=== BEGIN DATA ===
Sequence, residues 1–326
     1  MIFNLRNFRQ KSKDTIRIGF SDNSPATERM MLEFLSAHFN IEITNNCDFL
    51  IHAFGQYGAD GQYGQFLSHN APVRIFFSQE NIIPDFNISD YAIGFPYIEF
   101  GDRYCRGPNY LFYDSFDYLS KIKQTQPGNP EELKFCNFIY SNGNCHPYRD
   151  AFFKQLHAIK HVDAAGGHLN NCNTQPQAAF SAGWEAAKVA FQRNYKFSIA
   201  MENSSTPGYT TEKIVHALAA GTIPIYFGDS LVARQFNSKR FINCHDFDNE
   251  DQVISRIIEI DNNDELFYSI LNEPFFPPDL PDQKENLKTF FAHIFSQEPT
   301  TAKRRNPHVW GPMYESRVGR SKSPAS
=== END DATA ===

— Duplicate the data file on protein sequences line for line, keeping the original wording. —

Sequence, residues 1–326
     1  MIFNLRNFRQ KSKDTIRIGF SDNSPATERM MLEFLSAHFN IEITNNCDFL
    51  IHAFGQYGAD GQYGQFLSHN APVRIFFSQE NIIPDFNISD YAIGFPYIEF
   101  GDRYCRGPNY LFYDSFDYLS KIKQTQPGNP EELKFCNFIY SNGNCHPYRD
   151  AFFKQLHAIK HVDAAGGHLN NCNTQPQAAF SAGWEAAKVA FQRNYKFSIA
   201  MENSSTPGYT TEKIVHALAA GTIPIYFGDS LVARQFNSKR FINCHDFDNE
   251  DQVISRIIEI DNNDELFYSI LNEPFFPPDL PDQKENLKTF FAHIFSQEPT
   301  TAKRRNPHVW GPMYESRVGR SKSPAS